Mathematical Fallacies and Paradoxes

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Courier Corporation, Jul 1, 1997 - Mathematics - 216 pages
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From ancient Greek mathematics to 20th-century quantum theory, paradoxes, fallacies and other intellectual inconsistencies have long puzzled and intrigued the mind of man. This stimulating, thought-provoking compilation collects and analyzes the most interesting paradoxes and fallacies from mathematics, logic, physics and language.
While focusing primarily on mathematical issues of the 20th century (notably Godel's theorem of 1931 and decision problems in general), the work takes a look as well at the mind-bending formulations of such brilliant men as Galileo, Leibniz, Georg Cantor and Lewis Carroll ? and describes them in readily accessible detail. Readers will find themselves engrossed in delightful elucidations of methods for misunderstanding the real world by experiment (Aristotle's Circle paradox), being led astray by algebra (De Morgan's paradox), failing to comprehend real events through logic (the Swedish Civil Defense Exercise paradox), mistaking infinity (Euler's paradox), understanding how chance ceases to work in the real world (the Petersburg paradox) and other puzzling problems. Some high school algebra and geometry is assumed; any other math needed is developed in the text. Entertaining and mind-expanding, this volume will appeal to anyone looking for challenging mental exercises.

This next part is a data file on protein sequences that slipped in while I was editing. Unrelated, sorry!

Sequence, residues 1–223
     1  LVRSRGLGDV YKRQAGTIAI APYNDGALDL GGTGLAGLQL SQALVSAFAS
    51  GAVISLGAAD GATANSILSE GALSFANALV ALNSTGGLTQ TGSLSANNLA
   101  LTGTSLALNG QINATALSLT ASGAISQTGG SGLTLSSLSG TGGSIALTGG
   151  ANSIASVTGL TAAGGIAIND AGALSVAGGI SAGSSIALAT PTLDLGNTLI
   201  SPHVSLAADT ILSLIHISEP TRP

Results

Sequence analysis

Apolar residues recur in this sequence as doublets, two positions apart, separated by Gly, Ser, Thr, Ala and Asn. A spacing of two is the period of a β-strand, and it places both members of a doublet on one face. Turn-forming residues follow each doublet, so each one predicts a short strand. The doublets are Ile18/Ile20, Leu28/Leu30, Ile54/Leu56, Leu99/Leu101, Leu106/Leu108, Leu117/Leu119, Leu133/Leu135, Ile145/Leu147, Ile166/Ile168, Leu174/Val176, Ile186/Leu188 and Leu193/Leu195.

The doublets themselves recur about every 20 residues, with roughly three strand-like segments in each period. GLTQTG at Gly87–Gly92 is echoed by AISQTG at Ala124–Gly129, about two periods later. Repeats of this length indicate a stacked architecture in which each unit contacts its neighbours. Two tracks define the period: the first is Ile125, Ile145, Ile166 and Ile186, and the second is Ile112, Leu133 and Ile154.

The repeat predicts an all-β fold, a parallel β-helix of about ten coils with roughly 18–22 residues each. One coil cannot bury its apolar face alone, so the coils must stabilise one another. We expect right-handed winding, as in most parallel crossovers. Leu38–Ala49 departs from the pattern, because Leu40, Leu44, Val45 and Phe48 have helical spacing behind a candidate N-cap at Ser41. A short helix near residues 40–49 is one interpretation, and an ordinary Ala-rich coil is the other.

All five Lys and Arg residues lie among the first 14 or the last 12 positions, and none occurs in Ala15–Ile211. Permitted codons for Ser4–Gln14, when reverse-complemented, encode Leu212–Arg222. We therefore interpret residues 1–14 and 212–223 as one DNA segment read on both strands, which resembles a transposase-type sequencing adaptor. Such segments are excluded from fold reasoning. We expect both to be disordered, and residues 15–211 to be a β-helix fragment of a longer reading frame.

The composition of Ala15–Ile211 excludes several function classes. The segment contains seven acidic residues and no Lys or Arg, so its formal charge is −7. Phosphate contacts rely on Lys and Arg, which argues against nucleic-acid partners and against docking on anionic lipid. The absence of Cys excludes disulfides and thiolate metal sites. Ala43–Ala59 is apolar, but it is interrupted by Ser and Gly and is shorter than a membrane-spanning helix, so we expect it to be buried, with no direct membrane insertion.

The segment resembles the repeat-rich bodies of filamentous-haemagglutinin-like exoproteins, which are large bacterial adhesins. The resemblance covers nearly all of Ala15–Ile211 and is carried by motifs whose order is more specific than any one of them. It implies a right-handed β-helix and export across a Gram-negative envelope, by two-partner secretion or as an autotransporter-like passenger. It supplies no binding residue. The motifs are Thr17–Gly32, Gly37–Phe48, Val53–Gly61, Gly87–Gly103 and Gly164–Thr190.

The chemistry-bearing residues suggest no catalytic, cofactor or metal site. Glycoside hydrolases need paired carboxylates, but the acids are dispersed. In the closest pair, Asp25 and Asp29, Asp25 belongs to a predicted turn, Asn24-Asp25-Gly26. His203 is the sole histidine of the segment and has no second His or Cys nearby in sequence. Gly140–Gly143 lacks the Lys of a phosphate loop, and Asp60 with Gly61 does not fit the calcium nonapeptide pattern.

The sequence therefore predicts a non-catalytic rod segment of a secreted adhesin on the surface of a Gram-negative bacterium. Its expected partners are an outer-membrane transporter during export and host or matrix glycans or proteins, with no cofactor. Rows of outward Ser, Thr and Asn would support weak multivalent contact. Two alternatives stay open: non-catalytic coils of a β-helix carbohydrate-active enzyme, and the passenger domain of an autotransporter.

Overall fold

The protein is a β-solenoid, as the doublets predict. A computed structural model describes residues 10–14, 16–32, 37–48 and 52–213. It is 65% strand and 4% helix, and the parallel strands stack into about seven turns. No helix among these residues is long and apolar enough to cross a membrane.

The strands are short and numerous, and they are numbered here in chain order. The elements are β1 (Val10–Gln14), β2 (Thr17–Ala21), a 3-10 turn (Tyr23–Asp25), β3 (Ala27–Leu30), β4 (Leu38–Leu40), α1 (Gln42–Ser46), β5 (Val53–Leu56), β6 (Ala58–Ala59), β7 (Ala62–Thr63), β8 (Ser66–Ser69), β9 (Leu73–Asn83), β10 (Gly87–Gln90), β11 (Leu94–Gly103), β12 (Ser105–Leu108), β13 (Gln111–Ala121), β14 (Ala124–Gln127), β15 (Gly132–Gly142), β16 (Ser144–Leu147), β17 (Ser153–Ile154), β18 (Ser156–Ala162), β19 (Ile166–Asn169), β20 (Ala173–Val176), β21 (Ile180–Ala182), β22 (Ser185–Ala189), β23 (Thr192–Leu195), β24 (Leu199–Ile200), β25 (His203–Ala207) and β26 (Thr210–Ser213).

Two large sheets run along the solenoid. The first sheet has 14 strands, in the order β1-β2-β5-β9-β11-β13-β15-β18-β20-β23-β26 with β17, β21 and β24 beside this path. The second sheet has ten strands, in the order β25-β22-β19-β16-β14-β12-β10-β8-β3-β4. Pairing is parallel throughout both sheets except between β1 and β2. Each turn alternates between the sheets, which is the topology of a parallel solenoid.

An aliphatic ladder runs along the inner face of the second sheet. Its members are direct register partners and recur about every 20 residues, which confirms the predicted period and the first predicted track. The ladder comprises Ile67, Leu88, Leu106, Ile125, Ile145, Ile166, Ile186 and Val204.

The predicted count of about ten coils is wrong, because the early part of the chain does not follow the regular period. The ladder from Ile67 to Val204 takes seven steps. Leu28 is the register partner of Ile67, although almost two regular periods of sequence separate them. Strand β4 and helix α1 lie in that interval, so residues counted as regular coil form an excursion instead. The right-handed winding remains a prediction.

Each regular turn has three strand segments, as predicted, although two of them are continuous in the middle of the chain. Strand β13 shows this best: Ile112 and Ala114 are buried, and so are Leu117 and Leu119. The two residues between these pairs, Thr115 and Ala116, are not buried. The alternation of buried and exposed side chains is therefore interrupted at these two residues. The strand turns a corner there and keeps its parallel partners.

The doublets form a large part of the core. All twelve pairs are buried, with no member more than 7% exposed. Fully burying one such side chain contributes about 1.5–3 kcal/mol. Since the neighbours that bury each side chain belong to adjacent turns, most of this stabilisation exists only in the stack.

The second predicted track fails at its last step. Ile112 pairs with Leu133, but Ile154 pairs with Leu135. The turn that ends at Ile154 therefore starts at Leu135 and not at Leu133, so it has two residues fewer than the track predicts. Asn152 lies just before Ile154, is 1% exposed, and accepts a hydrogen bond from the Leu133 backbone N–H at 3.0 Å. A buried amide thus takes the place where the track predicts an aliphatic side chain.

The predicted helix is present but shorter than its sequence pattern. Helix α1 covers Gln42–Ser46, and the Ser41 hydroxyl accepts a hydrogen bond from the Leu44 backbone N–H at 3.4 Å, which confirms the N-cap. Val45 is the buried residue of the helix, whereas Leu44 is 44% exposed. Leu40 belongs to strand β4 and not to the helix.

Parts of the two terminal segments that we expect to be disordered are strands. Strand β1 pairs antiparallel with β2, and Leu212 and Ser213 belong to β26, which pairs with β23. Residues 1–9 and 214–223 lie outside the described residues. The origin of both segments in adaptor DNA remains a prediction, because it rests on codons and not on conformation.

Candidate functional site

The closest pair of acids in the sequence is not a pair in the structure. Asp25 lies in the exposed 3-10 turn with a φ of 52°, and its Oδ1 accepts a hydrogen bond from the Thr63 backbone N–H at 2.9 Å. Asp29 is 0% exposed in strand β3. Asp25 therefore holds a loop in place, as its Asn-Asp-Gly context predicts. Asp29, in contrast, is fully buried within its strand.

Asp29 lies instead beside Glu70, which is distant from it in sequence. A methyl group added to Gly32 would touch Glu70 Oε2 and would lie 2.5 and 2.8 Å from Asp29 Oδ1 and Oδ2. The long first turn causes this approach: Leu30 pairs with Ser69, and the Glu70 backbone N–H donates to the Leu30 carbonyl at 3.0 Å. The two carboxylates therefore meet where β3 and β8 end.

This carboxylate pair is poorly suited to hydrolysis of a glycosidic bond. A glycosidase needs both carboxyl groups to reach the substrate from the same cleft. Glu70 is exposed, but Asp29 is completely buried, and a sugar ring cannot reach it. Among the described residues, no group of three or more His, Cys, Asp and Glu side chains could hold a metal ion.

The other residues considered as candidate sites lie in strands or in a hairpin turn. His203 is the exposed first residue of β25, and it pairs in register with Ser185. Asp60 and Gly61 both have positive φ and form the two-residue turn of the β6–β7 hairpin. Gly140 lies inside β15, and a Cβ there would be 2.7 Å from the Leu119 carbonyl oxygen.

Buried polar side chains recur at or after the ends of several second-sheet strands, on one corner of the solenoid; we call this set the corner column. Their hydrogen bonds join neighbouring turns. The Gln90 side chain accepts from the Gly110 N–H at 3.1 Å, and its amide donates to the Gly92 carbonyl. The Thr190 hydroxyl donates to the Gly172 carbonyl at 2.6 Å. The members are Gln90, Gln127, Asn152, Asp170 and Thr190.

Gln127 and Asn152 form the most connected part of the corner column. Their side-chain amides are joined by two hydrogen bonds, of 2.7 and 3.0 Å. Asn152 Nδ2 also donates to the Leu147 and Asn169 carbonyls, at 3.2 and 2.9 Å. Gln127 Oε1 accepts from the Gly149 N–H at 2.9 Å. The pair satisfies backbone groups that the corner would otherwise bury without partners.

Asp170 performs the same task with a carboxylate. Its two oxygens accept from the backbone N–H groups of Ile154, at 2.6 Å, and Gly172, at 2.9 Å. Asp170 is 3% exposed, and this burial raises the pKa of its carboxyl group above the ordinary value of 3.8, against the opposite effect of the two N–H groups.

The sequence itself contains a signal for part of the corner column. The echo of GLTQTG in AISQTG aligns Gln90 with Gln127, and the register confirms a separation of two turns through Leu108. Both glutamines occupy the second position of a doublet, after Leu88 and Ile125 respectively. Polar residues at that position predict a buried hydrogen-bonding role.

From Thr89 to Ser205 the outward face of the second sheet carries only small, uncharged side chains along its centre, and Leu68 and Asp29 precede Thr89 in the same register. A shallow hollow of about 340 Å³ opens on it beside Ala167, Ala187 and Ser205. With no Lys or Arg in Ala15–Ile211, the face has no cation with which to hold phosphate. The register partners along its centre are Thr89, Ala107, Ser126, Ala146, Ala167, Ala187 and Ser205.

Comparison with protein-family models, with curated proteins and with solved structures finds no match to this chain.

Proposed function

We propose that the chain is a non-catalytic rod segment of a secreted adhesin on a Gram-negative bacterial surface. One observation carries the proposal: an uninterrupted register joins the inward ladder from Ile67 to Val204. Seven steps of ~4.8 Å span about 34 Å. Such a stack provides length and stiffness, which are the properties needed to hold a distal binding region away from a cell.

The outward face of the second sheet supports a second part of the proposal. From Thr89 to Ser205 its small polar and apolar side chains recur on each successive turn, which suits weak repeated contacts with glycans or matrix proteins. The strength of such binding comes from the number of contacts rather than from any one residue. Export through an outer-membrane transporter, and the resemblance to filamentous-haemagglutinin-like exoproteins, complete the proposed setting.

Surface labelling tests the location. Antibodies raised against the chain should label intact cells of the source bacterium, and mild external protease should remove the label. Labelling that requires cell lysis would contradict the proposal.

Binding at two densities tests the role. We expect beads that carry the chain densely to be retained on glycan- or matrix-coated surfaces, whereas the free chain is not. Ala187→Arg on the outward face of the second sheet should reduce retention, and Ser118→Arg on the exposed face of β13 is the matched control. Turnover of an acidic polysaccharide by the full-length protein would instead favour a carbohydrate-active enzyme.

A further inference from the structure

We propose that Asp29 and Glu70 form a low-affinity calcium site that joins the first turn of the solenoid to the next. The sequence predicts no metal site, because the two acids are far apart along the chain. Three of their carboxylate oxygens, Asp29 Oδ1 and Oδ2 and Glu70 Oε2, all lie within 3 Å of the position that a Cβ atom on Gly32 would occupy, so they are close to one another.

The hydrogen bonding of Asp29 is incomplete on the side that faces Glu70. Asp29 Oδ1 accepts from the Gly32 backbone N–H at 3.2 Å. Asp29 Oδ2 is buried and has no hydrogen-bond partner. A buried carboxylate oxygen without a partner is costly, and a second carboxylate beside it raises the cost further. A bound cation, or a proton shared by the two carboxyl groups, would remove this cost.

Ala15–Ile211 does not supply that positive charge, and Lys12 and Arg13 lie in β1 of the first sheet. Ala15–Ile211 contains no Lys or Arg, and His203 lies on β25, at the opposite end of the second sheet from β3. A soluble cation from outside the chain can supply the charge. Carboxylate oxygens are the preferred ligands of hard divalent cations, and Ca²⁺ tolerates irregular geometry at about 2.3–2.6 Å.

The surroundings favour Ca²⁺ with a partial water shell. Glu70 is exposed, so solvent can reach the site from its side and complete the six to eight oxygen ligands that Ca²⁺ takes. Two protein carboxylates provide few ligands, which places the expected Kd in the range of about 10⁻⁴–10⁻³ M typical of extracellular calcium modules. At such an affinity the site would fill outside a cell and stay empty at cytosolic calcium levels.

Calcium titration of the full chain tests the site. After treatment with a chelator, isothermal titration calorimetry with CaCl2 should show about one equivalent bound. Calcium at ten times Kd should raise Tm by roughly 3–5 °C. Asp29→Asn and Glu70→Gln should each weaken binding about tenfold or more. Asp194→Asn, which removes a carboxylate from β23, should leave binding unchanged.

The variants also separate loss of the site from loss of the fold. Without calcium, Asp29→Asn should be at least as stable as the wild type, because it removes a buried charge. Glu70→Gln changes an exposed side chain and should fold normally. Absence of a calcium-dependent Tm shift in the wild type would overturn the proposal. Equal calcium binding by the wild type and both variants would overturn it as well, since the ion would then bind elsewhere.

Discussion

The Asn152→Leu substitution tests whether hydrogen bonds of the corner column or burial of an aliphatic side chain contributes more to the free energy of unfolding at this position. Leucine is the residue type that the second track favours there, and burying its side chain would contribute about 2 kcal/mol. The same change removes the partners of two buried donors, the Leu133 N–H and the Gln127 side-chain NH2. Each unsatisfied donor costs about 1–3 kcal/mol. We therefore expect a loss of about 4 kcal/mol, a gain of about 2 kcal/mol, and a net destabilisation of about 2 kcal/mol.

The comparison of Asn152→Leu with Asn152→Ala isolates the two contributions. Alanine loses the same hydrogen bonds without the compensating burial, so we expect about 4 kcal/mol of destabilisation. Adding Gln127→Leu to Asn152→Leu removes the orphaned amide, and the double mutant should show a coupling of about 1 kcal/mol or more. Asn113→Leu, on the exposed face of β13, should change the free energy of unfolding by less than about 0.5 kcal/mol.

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User Review  - NielsenGW - LibraryThing

About every month or so, diagrams go around social media proving various paradoxes. From proving 2 = 3, or that certain infinite series converge to -1/12, these proofs often use fallacious logic or ... Read full review

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i could not understand the series formula at can value of n change each time in a single series?

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Roy A. Sorensen
No preview available - 1988
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About the author (1997)

Bryan Bunch has written or edited numerous science books. He lives in Pleasant Valley, New York.

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